Alexander Lukashenko’s 13-month intensive crackdown continued on Monday, with two prominent opposition activists sentenced to multiple years in prison.
Maria Kolesnikova, the driving force behind the women’s triumvirate, which is likely to have defeated a long-standing dictatorship in the August 2020 presidential election, was sentenced to 11 years in prison.
Her colleague, lawyer Maxim Zanac, has been awarded for 10 years.
Both were charged with undermining Belarus’ national security, but their exact accusations were kept secret to the end, as were the trials and verdicts themselves.
Given the current political atmosphere and Belarus’ 99.7% conviction rate, the conviction was a natural conclusion. However, Judge Sergei Efihoff provided a small surprise by reducing the verdict in a slightly shorter period than the twelve years when state prosecutors initially sought both.
The discount may reflect Lukashenko’s pressure to show signs of amnesty. Alternatively, it may represent an unpredictable dictator’s desire for people to keep guessing.
Kolesnikova and Znak have been detained since they were arrested last September. Both started the election cycle as part of the Victor Baba Rico presidential election team, but the June 2020 arrest of a former banker made the charismatic campaign manager Kolesnikova stand out.
Ms. Kolesnikova was the engine behind the joint election platform with the wives of two other candidates, Veronika Tsepkalo and Svetlana Tikhanovskaya. The three campaign teams have united behind President Tihanovskaya’s bid to provide Belarusians with the opportunity to start a new woman.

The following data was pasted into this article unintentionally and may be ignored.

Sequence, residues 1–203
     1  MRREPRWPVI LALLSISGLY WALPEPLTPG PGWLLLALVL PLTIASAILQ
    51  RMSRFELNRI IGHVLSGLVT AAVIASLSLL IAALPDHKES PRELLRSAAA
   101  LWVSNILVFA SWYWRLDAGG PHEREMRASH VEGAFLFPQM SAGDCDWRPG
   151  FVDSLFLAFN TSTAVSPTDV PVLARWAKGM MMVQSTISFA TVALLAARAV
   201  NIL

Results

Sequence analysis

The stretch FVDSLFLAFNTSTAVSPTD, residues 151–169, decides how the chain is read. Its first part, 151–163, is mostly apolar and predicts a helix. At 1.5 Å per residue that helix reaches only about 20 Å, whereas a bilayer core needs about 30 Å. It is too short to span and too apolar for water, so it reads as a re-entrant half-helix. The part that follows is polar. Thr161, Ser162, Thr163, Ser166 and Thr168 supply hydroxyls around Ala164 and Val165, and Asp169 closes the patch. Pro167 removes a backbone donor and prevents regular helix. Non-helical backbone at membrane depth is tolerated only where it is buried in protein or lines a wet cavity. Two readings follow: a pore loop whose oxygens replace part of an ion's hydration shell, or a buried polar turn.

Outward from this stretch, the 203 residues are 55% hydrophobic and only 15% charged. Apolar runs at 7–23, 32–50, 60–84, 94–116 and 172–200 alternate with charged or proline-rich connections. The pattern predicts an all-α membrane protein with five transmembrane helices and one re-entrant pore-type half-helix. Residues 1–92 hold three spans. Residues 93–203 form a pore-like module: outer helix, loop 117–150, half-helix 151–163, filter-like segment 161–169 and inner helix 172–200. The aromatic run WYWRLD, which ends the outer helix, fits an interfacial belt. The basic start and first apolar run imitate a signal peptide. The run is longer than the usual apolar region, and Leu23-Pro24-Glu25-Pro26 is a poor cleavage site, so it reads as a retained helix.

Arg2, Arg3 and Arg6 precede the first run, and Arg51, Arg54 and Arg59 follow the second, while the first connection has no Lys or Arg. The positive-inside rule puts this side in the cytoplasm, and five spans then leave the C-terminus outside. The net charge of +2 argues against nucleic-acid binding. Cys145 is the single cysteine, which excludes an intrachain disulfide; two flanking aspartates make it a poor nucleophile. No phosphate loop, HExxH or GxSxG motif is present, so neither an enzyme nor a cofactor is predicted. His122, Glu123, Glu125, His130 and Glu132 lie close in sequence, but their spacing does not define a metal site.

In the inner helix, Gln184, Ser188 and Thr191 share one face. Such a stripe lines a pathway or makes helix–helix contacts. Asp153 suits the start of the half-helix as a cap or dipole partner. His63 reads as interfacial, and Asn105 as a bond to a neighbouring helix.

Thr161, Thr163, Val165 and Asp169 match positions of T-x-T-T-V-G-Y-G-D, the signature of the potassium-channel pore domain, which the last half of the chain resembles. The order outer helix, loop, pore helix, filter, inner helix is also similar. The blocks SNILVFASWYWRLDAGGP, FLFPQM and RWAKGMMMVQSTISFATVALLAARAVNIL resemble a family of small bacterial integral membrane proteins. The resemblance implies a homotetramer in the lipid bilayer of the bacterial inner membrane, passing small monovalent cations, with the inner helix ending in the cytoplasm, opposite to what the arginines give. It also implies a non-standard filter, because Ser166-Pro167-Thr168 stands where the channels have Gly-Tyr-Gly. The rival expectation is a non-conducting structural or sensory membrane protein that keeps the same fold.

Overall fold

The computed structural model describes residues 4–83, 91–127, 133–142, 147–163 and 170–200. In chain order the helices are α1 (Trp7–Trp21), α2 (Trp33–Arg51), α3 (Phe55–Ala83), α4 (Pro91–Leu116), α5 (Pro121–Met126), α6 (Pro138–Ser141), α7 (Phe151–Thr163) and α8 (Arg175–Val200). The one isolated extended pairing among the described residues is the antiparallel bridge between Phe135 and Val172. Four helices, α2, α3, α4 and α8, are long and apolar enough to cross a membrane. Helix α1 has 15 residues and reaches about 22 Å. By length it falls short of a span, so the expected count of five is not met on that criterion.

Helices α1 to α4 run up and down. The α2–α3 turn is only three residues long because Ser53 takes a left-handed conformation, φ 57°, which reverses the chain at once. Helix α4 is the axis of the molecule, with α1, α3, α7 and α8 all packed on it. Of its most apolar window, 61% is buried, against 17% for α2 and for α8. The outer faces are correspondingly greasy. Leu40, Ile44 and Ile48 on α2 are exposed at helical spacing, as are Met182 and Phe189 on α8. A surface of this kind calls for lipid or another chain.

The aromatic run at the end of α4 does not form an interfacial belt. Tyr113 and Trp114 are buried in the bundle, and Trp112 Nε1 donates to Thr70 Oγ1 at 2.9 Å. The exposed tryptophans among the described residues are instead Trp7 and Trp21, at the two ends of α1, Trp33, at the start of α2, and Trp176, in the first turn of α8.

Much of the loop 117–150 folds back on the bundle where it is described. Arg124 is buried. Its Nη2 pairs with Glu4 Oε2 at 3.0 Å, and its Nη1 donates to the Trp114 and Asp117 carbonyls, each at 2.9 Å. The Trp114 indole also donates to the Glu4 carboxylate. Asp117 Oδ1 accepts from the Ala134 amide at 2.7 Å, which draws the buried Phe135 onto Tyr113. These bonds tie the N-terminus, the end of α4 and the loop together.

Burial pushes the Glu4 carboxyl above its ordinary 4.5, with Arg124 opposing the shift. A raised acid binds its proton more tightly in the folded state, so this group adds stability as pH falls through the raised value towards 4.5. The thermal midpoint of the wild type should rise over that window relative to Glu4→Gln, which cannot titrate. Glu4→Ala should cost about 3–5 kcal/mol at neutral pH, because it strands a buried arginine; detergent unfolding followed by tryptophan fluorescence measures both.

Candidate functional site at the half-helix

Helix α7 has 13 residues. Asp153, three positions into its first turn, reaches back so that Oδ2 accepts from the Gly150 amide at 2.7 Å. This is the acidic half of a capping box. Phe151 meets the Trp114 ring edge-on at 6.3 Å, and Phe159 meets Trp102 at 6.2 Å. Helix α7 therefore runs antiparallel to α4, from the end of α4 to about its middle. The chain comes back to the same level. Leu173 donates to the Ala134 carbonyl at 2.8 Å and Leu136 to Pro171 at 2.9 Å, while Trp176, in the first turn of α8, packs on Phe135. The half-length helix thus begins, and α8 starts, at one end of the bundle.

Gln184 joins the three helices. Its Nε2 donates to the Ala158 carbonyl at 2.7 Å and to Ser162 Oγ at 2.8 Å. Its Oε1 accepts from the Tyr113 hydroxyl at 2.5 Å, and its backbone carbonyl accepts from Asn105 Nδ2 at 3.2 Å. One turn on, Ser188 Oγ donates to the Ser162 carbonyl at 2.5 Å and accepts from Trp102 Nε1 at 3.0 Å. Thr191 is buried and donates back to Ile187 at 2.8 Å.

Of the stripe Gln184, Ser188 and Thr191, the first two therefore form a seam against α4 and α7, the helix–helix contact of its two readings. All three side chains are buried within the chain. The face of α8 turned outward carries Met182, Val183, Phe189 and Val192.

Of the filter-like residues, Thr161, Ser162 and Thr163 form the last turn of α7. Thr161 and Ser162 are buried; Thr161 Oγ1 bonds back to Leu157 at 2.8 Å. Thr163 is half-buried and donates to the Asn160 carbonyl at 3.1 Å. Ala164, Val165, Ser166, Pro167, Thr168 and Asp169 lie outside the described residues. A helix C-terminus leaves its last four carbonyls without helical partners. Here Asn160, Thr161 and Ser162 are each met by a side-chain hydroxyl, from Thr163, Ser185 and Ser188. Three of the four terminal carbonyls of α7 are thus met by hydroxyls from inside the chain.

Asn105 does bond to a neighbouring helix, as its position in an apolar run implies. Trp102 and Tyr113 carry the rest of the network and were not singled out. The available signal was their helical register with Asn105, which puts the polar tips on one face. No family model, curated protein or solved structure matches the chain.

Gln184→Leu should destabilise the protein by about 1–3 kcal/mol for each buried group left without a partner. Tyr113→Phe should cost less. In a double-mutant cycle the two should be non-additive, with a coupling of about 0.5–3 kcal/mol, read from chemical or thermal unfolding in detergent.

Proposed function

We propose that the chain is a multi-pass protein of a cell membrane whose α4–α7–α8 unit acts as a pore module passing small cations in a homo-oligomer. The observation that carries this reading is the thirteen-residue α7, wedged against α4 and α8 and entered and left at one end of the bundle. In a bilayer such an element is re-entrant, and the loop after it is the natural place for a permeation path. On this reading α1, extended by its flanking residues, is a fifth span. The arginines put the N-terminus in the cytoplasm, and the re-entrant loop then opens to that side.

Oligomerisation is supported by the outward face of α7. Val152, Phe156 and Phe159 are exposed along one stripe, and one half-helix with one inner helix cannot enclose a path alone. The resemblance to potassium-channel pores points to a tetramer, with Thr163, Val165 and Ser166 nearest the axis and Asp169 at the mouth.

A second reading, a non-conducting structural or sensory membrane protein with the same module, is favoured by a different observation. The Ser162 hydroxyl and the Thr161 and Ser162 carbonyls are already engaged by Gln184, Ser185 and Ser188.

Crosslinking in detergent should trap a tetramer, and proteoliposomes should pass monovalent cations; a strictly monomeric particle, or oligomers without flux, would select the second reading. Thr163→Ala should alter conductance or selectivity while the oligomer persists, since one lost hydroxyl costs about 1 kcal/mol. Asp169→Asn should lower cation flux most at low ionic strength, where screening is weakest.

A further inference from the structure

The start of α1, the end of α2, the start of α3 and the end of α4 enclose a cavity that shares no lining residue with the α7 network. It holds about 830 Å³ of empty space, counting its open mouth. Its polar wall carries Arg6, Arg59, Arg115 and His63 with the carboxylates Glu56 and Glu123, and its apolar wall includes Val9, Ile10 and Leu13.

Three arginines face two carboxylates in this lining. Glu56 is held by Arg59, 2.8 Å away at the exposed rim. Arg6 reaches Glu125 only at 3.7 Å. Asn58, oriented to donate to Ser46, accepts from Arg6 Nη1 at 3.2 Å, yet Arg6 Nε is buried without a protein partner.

Judging from an independent poll conducted on election day, the Belarusians accepted the overwhelming majority of prospects. At the event, 26-year-old dictator Lukashenko claimed his own landslide victory.
By the time she was robbed from the street, Ms. Tihanovskaya and Ms. Tsepkaro had fled the country, and the charismatic Kolesnikova was the most famous face of the opposition. Her stock grew in a democratic circle after it became clear that she resisted being forcibly taken out of the country by tearing her passport at the Belarusian-Ukrainian border.
Lawyers acting on behalf of the imprisoned opposition activists have announced that they will appeal the verdict.
“This ruling is illegal, unjust and not evidence-based,” said lawyer Yefgeny Pilchenko. “The trial did not confirm their guilt or the crime they were supposed to have committed.”